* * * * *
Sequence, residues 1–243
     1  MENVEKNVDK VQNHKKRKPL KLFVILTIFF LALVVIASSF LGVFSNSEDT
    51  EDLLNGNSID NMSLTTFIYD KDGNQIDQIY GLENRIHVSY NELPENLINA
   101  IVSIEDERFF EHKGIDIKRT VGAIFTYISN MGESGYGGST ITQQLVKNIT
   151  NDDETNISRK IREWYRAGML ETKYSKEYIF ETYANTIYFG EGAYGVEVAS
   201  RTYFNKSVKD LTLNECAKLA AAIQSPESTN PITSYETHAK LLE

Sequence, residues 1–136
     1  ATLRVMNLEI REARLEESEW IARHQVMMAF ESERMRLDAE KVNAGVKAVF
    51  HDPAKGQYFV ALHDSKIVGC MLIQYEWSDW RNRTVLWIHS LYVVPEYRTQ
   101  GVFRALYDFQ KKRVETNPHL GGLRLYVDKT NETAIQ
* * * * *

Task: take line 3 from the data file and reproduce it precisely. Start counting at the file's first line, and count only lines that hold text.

    51  EDLLNGNSID NMSLTTFIYD KDGNQIDQIY GLENRIHVSY NELPENLINA